The RailWorks debtors commenced their Chapter 11 proceedings in 2001. The claimants’ claims were not listed on the Debtors’ bankruptcy schedules (no claims had been asserted at that time), the claimants did not receive notice of the Chapter 11 cases, and they did not file proofs of claim or vote on the plan. The claimants filed their state court lawsuits against the reorganized debtor in 2018 and 2019. Applying the broad definition of “claim” in Section 101(5) of the Bankruptcy Code, the bankruptcy court held that the causes of action alleged by claimants in their state court actions were “claims” subject to treatment in the Chapter 11 cases.
The court held that the claims were discharged under § 1141(d) of the Bankruptcy Code, which implemented the reorganized debtor’s “fresh start.” The court noted that the effectiveness of a debtor’s discharge depends on whether affected persons receive adequate notice and due process. Here, the court found that the claimants were “unknown creditors” and that the debtor’s efforts to notify “unknown creditors” by publication complied with notice and due process requirements. For example, focusing on one of the claimants, the court held that he was an “unknown creditor” because the debtors had no knowledge at the time of the 2001 bankruptcy proceedings of the identity of the claimant (he was not an employee, but rather was employed by one of their predecessors), his potential claims, or any events giving rise to potential asbestos liabilities. In addition, the court found that the record contained no evidence of “red flags or factors that would have alerted the [debtors] of potential asbestos liabilities.” Thus, the court concluded, publication notice was sufficient under the circumstances to discharge debtors’ liabilities to the claimant.
Maryland Cas. Co. v. The Asbestos Claims Court, 2020 MT 70 (Mont. S. Ct. Mar. 25, 2020)
This decision primarily addressed whether, under Montana state law, the claimants could hold Maryland Casualty Company liable for failure to warn them of the dangers of asbestos. Maryland Casualty had been the workers’ compensation carrier for W.R. Grace, the claimants’ employer. The court found that Maryland Casualty could be held liable for failure to warn, adopting the liability standards found in Restatement (Second) of Torts § 324A.
In addition, a concurring opinion by Montana’s chief justice, joined by two other justices, stated that the § 524(g) channeling injunction issued in Grace’s Chapter 11 case did not bar the claims against Maryland Casualty. The concurring justices found that the channeling injunction barred only claims that were “derivative” (i.e., claims that sought recovery from the debtor’s insurance policy based on the debtor’s conduct, rather than the insurer’s). The justices concluded, however, that the negligence and duty to warn claims asserted against Maryland Casualty were not “derivative” because the claims sought to impose liability on Maryland Casualty that was independent of the insurer’s contractual indemnification obligations owed to Grace. The court concluded that “[t]he nature of the harm suffered by [the claimants] is predicated on [Maryland Casualty’s] misconduct, not Grace’s.” “Accordingly,” the justices stated, “any recovery will not affect Grace’s res, but rather, will be satisfied directly through [Maryland Casualty’s] assets.” Grace’s § 524(g) injunction therefore did not enjoin the claims.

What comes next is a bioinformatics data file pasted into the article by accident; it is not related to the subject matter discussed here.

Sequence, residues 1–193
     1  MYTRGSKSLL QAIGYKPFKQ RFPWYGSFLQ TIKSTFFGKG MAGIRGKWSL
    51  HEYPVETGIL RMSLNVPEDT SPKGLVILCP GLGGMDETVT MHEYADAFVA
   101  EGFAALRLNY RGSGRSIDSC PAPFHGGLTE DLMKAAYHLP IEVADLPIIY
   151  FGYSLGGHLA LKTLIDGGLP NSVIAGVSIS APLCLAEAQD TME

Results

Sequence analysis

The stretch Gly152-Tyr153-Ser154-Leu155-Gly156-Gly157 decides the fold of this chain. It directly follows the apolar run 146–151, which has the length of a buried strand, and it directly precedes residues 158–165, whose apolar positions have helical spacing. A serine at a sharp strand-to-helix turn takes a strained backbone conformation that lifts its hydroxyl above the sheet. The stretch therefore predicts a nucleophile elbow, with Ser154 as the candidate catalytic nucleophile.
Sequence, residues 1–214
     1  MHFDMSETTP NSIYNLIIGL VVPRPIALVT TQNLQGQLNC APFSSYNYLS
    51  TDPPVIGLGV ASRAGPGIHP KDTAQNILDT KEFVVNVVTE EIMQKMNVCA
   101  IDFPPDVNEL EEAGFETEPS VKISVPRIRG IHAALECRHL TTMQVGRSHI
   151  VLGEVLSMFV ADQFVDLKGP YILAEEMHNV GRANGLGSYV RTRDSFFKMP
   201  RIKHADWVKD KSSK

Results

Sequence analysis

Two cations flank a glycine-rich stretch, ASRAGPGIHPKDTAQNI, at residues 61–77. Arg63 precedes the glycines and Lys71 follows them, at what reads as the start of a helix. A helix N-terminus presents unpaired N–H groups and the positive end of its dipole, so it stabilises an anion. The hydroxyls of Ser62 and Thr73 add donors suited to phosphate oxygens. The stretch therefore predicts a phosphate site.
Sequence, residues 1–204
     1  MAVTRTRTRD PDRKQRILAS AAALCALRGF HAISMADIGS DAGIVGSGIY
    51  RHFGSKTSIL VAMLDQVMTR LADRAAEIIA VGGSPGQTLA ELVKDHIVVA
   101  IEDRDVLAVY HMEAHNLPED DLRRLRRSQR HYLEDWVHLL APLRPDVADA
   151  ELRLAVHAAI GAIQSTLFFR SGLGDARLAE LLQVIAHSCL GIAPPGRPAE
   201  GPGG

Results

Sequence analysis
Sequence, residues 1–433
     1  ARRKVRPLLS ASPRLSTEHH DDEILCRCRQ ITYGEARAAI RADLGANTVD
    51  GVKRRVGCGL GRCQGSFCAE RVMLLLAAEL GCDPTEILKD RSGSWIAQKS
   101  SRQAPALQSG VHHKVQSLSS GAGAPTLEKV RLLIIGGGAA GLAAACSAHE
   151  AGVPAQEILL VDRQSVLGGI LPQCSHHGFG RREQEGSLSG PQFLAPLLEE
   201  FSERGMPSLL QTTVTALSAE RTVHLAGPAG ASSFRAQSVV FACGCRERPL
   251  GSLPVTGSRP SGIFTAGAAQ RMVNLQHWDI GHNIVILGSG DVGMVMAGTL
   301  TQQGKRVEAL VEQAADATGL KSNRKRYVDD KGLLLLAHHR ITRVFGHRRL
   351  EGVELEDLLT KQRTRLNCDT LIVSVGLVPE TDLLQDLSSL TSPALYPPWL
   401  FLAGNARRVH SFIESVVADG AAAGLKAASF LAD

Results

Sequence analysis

These decisions show that while channeling injunctions entered pursuant to confirmed Chapter 11 bankruptcy plans are broad, they are not without limits, and certain procedures must be followed to make such injunctions effective.
First, the injunctions will only bar claims against claimants whose due process rights have been honored. At a minimum, this means that claimants – including those unknown to the debtor during the bankruptcy – must be given adequate notice of the bankruptcy and the proposed injunction. In the case of unknown creditors, notice by publication is sufficient – and the more robust, the better. In addition, adequate representation of the claimants during the bankruptcy, perhaps by a future claimants representative, is also relevant. While asbestos channeling injunctions under § 524(g) of the Bankruptcy Code are expressly dependent on representation by an FCR appointed by the court during the Chapter 11 case, appointments of FCRs are also possible in non-asbestos cases, such as Chapter 11s involving sexual abuse by priests or injury from harmful substances other than asbestos.
Second, a channeling injunction will not protect a person or entity from their own wrongdoing; rather, it will only protect them for their derivative responsibility for the debtor’s wrongdoing. Such derivative responsibility could be the result of having issued insurance to the debtor, or perhaps having agreed to indemnify the debtor against certain liabilities. But a defendant should not expect to evade responsibility for its own wrongdoing simply because it issued insurance to a reorganized debtor. (Application of the Johns-Manville injunction to independent claims is a special case, the U.S. Supreme Court held in 2009, because that injunction is entitled to res judicata effect against parties who participated in that bankruptcy and those in privity with them.)
Third, a special channeling injunction, issued pursuant to §§ 524(g) or 105 of the Bankruptcy Code, may not be necessary to protect a reorganized debtor against asbestos claims or other tort liability claims. So long as the debtor gave adequate notice of its bankruptcy case and its plan to unknown creditors, future claims by those unknown creditors may be barred by the ordinary Chapter 11 bankruptcy discharge, without the need for a special channeling injunction.